Satterwhite v. State

Annotate this Case

505 S.W.2d 870 (1974)

John SATTERWHITE, Appellant, v. The STATE of Texas, Appellee.

No. 46788.

Court of Criminal Appeals of Texas.

February 20, 1974.

Mark A. Schwartzman and Mark J. Sideman, San Antonio, for appellant.

Ted Butler, Dist. Atty., Gus Wilcox, Fred Rodriguez & Michael P. Hodge, Asst. Dist. Attys., San Antonio, Jim D. *871 Vollers, State's Atty., and Buddy Stevens, Asst. State's Atty., Austin, for the State.



The appellant was convicted of the offense of burglary with intent to commit theft. Punishment was assessed by the court at six years' imprisonment.

Both of appellant's grounds of error on this appeal are based upon his contention that the trial court should have upheld his plea of former jeopardy. Appellant was previously put to trial in the same court and on the same indictment, but the jury was unable to reach a verdict and was discharged by the court, over appellant's objection.

Appellant's ground of error urging that the court committed reversible error in failing to provide a statement of facts from the first trial is now moot. By an order of this Court, delivered December 4, 1973, the trial court was ordered to provide a transcript of testimony from the first trial, and such statement was received by this Court on January 25, 1974. The statement of facts from the first trial is necessary to the determination of the double jeopardy issue in situations such as this. See Lindsey v. State, 393 S.W.2d 906 (Tex.Cr.App.1965).

With regard to appellant's plea of former jeopardy, it is contended that the court abused its discretion in discharging the jury at the first trial before they had been kept together for such a time as to render it altogether improbable that they could reach a verdict. See Art. 36.31, Vernon's Ann.C.C.P.

A jury which is unable to agree on a verdict may be discharged by agreement of the parties, or upon the court's own motion when they have been kept together for such a time as to render agreement altogether improbable. See Art. 36.31, supra, and Lindsey v. State, supra.

The exercise of discretion by the trial court, in discharging the jury upon his own motion, is measured by the amount of time the jury deliberated in light of the nature of the case and of the evidence. See O'Brien v. State, 455 S.W.2d 283 (Tex.Cr.App.1970) and cases there cited. In order to determine whether a jury has been prematurely discharged, we must "... know some of the facts to indicate the amount and length of testimony the jury was called upon to consider in their deliberations, we must know the time consumed by the trial and then weigh this time element against the time that the jury deliberated prior to their discharge." See Lindsey v. State, supra, 393 S.W.2d at p. 908.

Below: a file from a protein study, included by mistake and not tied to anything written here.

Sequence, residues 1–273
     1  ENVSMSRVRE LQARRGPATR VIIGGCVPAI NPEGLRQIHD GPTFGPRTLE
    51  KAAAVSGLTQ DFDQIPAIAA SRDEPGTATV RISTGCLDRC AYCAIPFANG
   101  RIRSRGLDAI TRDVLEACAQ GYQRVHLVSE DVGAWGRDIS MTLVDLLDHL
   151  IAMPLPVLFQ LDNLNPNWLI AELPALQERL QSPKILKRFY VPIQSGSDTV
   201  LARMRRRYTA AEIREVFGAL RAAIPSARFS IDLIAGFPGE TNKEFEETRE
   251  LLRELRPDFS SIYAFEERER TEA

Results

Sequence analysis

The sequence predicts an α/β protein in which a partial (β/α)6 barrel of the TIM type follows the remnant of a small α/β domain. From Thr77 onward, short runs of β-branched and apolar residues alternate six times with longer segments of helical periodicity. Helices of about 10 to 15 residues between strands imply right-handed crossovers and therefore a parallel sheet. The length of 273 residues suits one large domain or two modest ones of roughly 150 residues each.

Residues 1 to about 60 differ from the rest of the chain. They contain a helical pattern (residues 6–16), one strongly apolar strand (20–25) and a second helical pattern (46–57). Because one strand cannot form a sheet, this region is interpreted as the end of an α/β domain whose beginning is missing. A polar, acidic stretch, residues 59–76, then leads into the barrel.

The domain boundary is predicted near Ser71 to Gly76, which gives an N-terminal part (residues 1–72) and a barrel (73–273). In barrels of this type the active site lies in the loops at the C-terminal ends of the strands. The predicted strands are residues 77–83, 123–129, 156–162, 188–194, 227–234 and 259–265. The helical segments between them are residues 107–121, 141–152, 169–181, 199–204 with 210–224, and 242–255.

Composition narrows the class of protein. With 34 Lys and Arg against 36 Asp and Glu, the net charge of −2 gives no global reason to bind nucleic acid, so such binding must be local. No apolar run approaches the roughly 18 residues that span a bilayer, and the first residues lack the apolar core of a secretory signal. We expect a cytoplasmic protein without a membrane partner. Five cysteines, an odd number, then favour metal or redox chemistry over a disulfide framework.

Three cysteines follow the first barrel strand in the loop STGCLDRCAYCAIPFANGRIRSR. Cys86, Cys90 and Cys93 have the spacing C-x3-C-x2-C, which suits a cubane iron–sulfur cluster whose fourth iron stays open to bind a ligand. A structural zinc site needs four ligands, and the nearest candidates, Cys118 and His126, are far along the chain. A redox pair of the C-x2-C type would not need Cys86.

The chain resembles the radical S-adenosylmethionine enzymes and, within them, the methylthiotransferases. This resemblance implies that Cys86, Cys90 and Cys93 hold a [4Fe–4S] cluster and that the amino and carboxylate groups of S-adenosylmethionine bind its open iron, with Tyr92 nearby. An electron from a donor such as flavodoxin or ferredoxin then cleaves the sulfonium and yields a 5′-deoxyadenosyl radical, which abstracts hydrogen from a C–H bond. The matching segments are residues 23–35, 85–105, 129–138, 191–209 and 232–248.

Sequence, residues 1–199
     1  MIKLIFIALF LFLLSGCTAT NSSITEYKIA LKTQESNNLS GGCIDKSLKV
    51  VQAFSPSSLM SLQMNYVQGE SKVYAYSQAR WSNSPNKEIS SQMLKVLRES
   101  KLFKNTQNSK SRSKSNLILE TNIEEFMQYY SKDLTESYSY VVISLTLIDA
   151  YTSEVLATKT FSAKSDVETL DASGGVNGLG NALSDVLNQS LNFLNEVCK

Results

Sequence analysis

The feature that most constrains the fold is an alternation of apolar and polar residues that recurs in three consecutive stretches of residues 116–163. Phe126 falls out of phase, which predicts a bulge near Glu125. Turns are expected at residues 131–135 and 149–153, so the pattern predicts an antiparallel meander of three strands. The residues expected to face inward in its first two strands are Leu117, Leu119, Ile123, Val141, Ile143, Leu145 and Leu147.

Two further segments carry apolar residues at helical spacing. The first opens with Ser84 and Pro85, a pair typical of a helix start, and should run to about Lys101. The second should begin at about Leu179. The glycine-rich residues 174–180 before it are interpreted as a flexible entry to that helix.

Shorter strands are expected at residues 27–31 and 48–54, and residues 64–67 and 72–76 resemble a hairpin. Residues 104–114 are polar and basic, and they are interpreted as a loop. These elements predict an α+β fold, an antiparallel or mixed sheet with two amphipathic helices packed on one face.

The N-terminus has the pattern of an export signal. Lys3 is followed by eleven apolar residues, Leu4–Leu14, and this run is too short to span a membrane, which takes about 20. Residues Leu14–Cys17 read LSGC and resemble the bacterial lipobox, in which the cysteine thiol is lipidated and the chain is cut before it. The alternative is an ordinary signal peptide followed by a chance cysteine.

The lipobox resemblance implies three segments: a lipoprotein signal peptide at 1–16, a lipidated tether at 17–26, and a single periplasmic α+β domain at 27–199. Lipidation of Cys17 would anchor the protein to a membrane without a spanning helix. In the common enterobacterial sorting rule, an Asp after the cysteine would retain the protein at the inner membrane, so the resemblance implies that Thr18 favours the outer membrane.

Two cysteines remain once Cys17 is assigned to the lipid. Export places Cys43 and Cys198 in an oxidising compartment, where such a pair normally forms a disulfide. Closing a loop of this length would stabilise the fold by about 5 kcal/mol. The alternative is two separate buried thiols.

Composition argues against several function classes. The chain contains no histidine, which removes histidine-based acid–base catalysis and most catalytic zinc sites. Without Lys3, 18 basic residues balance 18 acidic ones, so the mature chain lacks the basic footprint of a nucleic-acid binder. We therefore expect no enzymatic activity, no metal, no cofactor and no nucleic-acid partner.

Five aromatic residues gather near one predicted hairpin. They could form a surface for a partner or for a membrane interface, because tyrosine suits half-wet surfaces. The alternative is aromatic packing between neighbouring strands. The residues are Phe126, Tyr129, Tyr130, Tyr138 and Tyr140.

The record from the first trial shows that the State's case consisted of circumstantial evidence presented by two witnesses. The presentation of this case required about one hour and eight minutes. Appellant presented no evidence at the trial.

The jury retired to begin their deliberation at 5:08 p. m., and at 6:40 p. m. sent a note to the court indicating that they were unable to reach a decision. They were then brought into the courtroom and instructed, shortly after 7:00 p. m., in the following terms:

"You should endeavor to reach a verdict if at all possible, and the law provides that the jury shall be kept together for such a time as to render it altogether improbable that it can agree."

Thereafter, the jury resumed its deliberation and at 8:03 p. m. again informed the court that they could not agree.

The court then informed the appellant that in the court's opinion the jury was hopelessly deadlocked, and inquired whether appellant would consent to their discharge. He refused. The court then brought the jury in and inquired of ten of *872 them if it was their position that they were "... hopelessly deadlocked and could not arrive at a verdict." Each juror questioned answered in the affirmative, and nine stated that further deliberation would not enable them to reach a verdict. The jury was then discharged.

In view of the fact that the jury deliberated three times as long as was required to present the evidence, and in view of the evidence itself, we have concluded that although the trial judge probably should have made a more complete and detailed inquiry of the jurors, he did not abuse his discretion in discharging them when he did. See Strickland v. State, 169 Tex.Cr.R. 633, 336 S.W.2d 185 (1960) and Miller v. State, 167 Tex.Cr.R. 561, 322 S.W.2d 289 (1959).

The judgment is affirmed.